District trudges on with green initiatives

District trudges on with green initiatives

Goals include carbon neutral corporate operations, measuring community’s greenhouse gas emissions

The District of Clearwater (DOC) is pushing ahead with its goals on climate action and greenhouse gas reduction.

Council recently asked district staff for a list of initiatives that have been completed, as well as a list of projects that are ongoing, and ones planned for the future.

The DOC signed on to the B.C. Climate Action Charter in 2008 and agreed to take action on a number of goals, which include trying to become carbon neutral with its corporate operations, measuring and reporting the community’s greenhouse gas emissions profile, and creating a more energy-efficient community at large.

In 2012, the DOC undertook a Community Energy Emissions Plan (CEEP) along with the Community Energy Association of BC and BC Hydro.

Several of the actions laid out in the plan have been completed and in the same year, the DOC engaged with the Community Energy Association, Southern Interior Beetle Action Coalition, District of Barriere, Simpcw First Nation and Thompson-Nicola Regional District to complete a North Thompson Green Energy Opportunities Scan.

The administration department has gone ahead with things as simple as recycling paper and cardboard, reducing paper use in general by using electronic agendas for council members, providing battery recycling services and promoting composters.

It’s also made water meters mandatory in new construction projects, offers BC Transit services to encourage people to use public transportation, and poses water restrictions in the summer months.

The Parks department has been trying to do its share by planting perennial pollinators in various parks, planting more trees, reducing irrigation frequency and duration in all parks, banning herbicides and weed killers using only natural products as well as constructing more trails around the community to promote walking and biking.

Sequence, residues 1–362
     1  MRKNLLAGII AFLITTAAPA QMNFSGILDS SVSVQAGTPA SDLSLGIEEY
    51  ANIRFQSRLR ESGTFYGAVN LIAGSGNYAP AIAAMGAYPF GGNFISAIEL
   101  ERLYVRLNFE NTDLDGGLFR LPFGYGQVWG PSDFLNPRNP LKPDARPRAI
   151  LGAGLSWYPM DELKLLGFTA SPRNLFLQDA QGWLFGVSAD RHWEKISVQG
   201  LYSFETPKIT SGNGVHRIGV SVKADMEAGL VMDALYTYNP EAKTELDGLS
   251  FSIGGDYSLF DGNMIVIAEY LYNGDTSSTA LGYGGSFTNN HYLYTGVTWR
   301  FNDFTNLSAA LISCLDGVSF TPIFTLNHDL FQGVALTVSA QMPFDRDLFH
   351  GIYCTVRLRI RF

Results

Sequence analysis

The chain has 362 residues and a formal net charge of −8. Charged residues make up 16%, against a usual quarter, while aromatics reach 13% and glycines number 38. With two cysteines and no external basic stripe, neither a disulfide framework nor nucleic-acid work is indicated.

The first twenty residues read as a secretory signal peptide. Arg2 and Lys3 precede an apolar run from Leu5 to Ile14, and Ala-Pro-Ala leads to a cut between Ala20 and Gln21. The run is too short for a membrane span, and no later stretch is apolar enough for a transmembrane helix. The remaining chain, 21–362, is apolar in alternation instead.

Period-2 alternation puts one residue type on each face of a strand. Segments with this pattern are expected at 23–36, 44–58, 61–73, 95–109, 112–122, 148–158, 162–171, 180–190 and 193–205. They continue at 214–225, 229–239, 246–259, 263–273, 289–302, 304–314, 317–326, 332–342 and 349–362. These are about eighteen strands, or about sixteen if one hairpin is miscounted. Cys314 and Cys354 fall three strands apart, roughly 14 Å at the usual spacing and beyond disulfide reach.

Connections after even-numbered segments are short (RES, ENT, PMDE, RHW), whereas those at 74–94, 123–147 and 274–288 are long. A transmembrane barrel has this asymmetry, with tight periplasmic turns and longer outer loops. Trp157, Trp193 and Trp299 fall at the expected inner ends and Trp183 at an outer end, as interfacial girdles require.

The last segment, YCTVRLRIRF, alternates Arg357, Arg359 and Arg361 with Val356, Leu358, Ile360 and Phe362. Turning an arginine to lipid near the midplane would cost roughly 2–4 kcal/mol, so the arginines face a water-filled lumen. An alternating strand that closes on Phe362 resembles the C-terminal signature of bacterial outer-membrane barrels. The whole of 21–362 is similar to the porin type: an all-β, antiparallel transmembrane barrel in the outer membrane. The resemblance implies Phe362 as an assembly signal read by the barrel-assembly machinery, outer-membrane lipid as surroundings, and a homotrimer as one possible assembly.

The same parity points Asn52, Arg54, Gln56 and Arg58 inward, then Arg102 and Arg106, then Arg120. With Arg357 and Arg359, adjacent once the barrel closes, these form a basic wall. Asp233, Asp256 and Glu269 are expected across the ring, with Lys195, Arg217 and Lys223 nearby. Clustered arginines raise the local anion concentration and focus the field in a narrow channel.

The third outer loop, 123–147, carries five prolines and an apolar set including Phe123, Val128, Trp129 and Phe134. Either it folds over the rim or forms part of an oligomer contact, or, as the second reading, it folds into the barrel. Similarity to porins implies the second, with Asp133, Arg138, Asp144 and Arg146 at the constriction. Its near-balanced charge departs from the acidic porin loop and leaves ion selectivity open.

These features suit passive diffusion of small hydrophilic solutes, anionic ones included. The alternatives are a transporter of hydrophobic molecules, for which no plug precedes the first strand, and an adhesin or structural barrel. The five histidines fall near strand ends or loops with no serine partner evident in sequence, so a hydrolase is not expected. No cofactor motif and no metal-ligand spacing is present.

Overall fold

As for the district’s buildings, the Dutch Lake Community Centre installed a biomass heating system to reduce propane consumption and put in an energy-efficient propane backup boiler system.

They also installed energy-efficient lighting with LED and T8 fluorescent tubes, though there are still some areas in the building to complete in terms of lighting, and much of the same work has been done in the North Thompson Sportsplex as well as the Clearwater Fire Hall.

The fire hall also plans to have sensors installed for indoor lighting and is looking to replace decades-old baseboard heaters and windows with more energy-efficient variants.

In May 2019 the DOC was awarded the 2019 Southern Interior Local Government Association Community Excellence Award for Environmental Sustainability for its Bio-Energy Systems.

READ MORE: Award for Environmental Sustainability for its Bio-Energy Systems